In addition to stereoscopic video image selection applications, there are many other applications for a high dynamic range shutter of the inventive type. These applications include use of the high dynamic range shutters as replacements for mechanical shutters used in motion picture cameras and projectors, or as replacements for mechanical focal plane or between-the-lens shutters used in still photography. Moreover, the ability to vary shutter density continuously and incrementally with voltage makes a high dynamic range shutter system of the inventive type useful as a variably density filter in photographic or videographic camera applications. Such a variable neutral density filter could be used in place of, or in addition to, a lens' iris diaphragm for exposure control.
However, until the present invention, it was not known how to design or construct a high dynamic range, variable density liquid crystal shutter of the type having none of the above-described disadvantages of conventional shutter systems.
The invention is an achromatic shutter system that includes at least one surface mode liquid crystal, at least one polarizer, at least one analyzer. The analyzer includes at least one retarding plate and at least one polarizer. The axes of the inventive system's components have relative orientation selected so that the system's dynamic range is optimal.
In one preferred embodiment, the inventive achromatic shutter includes not only a first linear polarizer, a surface mode liquid crystal cell, and a second linear polarizer, as does a conventional surface mode liquid crystal shutter, but also a quarter wave retardation plate. When the axes of the system's components are optimally oriented, the inventive system has optimal dynamic range. In one variation of this preferred embodiment of the invention, the first polarizer's absorption axis
is horizontal, the
liquid crystal cell's rub axis LCA is oriented at 45 degrees clockwise with respect to the vertical, and the quarter-wave retarder's slow axis RA is parallel to the first polarizer axis
. In this variation, the second polarizer's axis
is not, as would be expected for the particular surface mode shutters used in our experiments, orthogonal to the first polarizer's axis (which is the case in the conventional liquid crystal shutter shown in FIG. 1). Instead the axis
is rotated from true orthogonality (as shown in FIG. 3) by an angle "a" substantially equal to 12 degrees for the particular surface mode shutters used in our experiments.
Various preferred embodiments of the inventive shutter are described herein with reference to FIGS. 3, 4, 5, 6 and 7. In all these embodiments, the inventive shutter is reversible, so that the shutter will function whether the unpolarized light enters from the left, or from the right.
The inventive shutter may be driven by an amplitude modulated AC carrier wave that has high voltage portions alternating with low voltage portions. Preferably, however, the shutter is driven by a carrier-less voltage signal that has time-averaged voltage substantially equal to zero (as is also the case with the modulated AC carrier wave).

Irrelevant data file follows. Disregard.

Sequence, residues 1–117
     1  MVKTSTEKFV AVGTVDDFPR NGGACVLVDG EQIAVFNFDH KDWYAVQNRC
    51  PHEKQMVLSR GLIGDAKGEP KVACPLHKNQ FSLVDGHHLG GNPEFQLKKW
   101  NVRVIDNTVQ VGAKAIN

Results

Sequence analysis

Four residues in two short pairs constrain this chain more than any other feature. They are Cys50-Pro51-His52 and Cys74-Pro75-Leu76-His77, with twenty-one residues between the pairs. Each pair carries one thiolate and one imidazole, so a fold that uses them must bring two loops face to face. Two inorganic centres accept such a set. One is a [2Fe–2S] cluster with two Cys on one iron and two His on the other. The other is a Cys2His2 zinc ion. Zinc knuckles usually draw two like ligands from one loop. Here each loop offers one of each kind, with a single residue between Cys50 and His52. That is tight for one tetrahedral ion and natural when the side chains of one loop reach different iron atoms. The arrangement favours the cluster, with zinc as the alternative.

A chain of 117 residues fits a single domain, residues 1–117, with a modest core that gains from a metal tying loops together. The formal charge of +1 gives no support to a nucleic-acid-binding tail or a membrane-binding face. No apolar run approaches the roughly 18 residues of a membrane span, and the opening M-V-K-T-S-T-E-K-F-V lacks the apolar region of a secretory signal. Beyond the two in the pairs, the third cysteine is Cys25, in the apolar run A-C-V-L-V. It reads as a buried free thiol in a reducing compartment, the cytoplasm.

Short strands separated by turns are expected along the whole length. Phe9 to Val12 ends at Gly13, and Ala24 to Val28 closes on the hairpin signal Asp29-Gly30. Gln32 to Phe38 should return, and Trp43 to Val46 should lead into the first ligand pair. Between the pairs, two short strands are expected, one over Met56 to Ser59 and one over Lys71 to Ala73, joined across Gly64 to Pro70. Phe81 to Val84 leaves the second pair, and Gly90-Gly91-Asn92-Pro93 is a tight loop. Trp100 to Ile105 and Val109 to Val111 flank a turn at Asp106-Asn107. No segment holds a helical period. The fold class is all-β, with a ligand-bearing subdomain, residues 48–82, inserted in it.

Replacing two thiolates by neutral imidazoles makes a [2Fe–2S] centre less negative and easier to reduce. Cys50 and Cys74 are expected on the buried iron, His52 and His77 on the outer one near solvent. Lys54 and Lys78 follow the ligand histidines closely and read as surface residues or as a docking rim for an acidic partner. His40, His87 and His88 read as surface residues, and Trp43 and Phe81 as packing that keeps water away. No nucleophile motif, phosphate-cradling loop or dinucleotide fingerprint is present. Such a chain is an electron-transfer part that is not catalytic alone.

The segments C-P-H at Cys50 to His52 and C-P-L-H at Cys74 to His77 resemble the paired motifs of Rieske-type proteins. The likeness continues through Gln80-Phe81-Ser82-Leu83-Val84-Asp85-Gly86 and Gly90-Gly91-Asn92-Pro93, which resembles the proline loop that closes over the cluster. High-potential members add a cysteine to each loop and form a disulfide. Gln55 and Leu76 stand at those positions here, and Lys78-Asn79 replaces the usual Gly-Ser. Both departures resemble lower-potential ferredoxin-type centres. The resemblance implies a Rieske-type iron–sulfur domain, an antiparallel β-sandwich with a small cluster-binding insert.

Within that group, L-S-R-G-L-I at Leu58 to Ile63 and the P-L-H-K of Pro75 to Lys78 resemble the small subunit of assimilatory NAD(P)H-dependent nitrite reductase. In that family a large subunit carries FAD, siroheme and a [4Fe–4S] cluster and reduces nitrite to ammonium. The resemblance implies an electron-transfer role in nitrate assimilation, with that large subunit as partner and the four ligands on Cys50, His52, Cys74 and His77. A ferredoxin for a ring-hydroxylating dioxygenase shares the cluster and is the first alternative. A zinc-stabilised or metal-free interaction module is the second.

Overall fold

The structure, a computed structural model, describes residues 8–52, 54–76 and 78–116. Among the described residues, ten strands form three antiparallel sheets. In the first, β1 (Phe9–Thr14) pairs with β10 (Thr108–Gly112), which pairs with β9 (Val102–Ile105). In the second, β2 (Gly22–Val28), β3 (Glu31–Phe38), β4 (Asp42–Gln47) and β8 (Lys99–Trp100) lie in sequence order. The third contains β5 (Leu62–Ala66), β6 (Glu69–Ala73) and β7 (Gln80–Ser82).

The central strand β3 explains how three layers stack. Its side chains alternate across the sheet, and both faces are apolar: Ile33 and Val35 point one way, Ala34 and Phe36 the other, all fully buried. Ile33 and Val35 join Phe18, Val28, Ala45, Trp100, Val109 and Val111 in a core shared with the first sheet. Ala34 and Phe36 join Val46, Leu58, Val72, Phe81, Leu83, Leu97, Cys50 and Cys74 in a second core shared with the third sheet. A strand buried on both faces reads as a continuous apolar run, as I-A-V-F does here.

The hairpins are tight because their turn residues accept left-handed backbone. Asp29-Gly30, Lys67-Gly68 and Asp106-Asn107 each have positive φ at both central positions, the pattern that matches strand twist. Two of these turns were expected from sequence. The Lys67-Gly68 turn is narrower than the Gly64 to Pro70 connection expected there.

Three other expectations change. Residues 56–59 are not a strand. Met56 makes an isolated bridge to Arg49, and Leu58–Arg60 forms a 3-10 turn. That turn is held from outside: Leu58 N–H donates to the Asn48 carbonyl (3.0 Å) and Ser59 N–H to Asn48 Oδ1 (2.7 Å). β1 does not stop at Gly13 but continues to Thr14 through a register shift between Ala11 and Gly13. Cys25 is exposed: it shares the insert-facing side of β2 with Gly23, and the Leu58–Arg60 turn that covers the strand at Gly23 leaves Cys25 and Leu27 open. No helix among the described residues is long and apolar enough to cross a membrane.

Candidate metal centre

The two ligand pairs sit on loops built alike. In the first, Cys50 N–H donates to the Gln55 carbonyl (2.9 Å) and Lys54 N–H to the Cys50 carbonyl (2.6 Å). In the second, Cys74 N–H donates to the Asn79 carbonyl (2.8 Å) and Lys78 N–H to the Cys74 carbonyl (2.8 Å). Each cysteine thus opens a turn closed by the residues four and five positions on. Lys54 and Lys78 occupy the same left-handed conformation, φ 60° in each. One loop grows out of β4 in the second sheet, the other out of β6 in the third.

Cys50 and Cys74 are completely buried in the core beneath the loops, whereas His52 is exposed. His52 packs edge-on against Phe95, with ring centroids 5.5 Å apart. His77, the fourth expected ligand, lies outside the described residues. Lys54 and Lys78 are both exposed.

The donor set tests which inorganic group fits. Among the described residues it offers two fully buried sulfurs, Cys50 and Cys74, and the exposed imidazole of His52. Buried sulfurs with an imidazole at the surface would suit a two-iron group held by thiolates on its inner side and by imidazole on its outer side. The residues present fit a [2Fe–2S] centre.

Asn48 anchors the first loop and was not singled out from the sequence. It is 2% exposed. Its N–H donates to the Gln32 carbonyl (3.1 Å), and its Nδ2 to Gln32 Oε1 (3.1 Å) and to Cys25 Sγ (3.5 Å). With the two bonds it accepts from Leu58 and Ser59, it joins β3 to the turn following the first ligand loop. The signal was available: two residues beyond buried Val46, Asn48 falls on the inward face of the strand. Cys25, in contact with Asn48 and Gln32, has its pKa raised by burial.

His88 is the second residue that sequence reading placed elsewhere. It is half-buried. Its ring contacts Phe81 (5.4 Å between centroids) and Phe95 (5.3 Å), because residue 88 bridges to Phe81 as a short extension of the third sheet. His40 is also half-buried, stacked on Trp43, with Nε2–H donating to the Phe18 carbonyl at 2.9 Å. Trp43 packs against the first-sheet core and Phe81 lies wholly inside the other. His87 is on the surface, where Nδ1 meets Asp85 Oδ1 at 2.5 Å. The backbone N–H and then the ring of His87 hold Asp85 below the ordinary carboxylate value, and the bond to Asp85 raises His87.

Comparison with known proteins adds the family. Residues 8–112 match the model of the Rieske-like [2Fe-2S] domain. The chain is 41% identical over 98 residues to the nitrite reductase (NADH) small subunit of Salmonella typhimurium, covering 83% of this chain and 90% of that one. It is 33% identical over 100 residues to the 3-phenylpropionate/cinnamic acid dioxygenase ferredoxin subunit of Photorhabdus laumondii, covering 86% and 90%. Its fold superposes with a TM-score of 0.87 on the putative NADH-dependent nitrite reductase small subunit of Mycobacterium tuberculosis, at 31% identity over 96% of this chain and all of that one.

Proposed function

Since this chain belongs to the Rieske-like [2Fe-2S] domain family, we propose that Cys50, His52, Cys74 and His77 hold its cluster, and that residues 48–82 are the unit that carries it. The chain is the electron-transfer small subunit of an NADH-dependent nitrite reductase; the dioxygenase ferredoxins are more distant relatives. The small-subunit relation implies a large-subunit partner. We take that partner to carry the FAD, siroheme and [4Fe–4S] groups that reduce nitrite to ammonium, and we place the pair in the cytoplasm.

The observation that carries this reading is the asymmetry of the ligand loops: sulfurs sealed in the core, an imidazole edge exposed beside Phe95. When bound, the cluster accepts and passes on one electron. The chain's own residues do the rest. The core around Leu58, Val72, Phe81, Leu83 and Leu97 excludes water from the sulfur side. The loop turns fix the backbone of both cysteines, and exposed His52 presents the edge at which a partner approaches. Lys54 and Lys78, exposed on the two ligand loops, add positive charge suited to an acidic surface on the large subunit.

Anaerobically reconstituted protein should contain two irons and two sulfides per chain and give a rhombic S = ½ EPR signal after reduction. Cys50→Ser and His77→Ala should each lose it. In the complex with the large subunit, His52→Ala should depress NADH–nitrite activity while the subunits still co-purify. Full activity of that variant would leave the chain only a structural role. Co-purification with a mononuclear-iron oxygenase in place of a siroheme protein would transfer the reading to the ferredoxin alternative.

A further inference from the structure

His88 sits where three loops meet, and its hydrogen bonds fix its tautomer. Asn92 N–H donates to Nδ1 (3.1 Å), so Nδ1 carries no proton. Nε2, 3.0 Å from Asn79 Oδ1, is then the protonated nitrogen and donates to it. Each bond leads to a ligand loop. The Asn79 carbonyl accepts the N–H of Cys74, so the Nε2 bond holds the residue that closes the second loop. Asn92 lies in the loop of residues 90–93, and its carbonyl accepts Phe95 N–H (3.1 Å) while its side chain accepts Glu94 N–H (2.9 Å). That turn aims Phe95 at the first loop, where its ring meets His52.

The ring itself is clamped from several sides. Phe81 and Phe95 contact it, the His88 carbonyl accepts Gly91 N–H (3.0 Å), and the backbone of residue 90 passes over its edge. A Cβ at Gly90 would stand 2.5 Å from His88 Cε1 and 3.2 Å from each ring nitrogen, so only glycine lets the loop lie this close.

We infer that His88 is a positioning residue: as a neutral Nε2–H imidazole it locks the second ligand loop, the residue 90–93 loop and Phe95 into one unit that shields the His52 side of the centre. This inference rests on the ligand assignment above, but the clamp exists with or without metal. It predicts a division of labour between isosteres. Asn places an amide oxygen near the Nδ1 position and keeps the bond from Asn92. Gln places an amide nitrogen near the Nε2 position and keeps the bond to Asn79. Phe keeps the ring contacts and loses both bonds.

Two of the inventive shutters may be mounted in an eyeglass frame and used as a wireless/active selection device for a field-sequential stereoscopic electronic display system. In response to broadcast synchronization pulses (which may be broadcast in the IR wavelength band) received from a stereoscopic image source, each shutter of the selection device may be driven at the field rate in synchronization with the stereoscopic image.
FIG. 1 is a schematic drawing of a prior art liquid crystal shutter.
FIG. 2 is a schematic drawing of another prior art liquid crystal series shutter.
FIG. 3 is a schematic drawing of an embodiment of the inventive liquid crystal shutter that includes a single retarder.
FIG. 4 is a schematic drawing of a alternative version of the inventive liquid crystal shutter that also includes a single retarder.
FIG. 5 is a schematic drawing of a version of the inventive liquid crystal shutter that includes both a circular polarizer and a linear polarizer.
FIG. 6 is a schematic drawing of a version of the inventive liquid crystal shutter that includes two retarding plates ("retarders") having orthogonal slow axes.
FIG. 7 is a schematic drawing of a version of the inventive liquid crystal shutter that includes two retarders, a circular polarizer, and a linear polarizer.
FIG. 8 is a graph of the waveform of a preferred carrier-less signal for driving the inventive achromatic shutter.
FIG. 9 is a graph of the waveform of another preferred carrier-less signal for driving the inventive achromatic shutter.
FIG. 10 is a graph of the waveform of another preferred carrier-less signal for driving the achromatic shutters of the invention.
FIG. 11 is a graph of the waveform of a modulated carrier wave signal for driving the inventive shutter.
FIG. 12 is a schematic drawing of a wireless/active selection device embodying the achromatic shutter.
FIG. 13 is a top plan view of a circular liquid crystal cell surrounded by a square gasket, which may be cut in accord with the inventive method.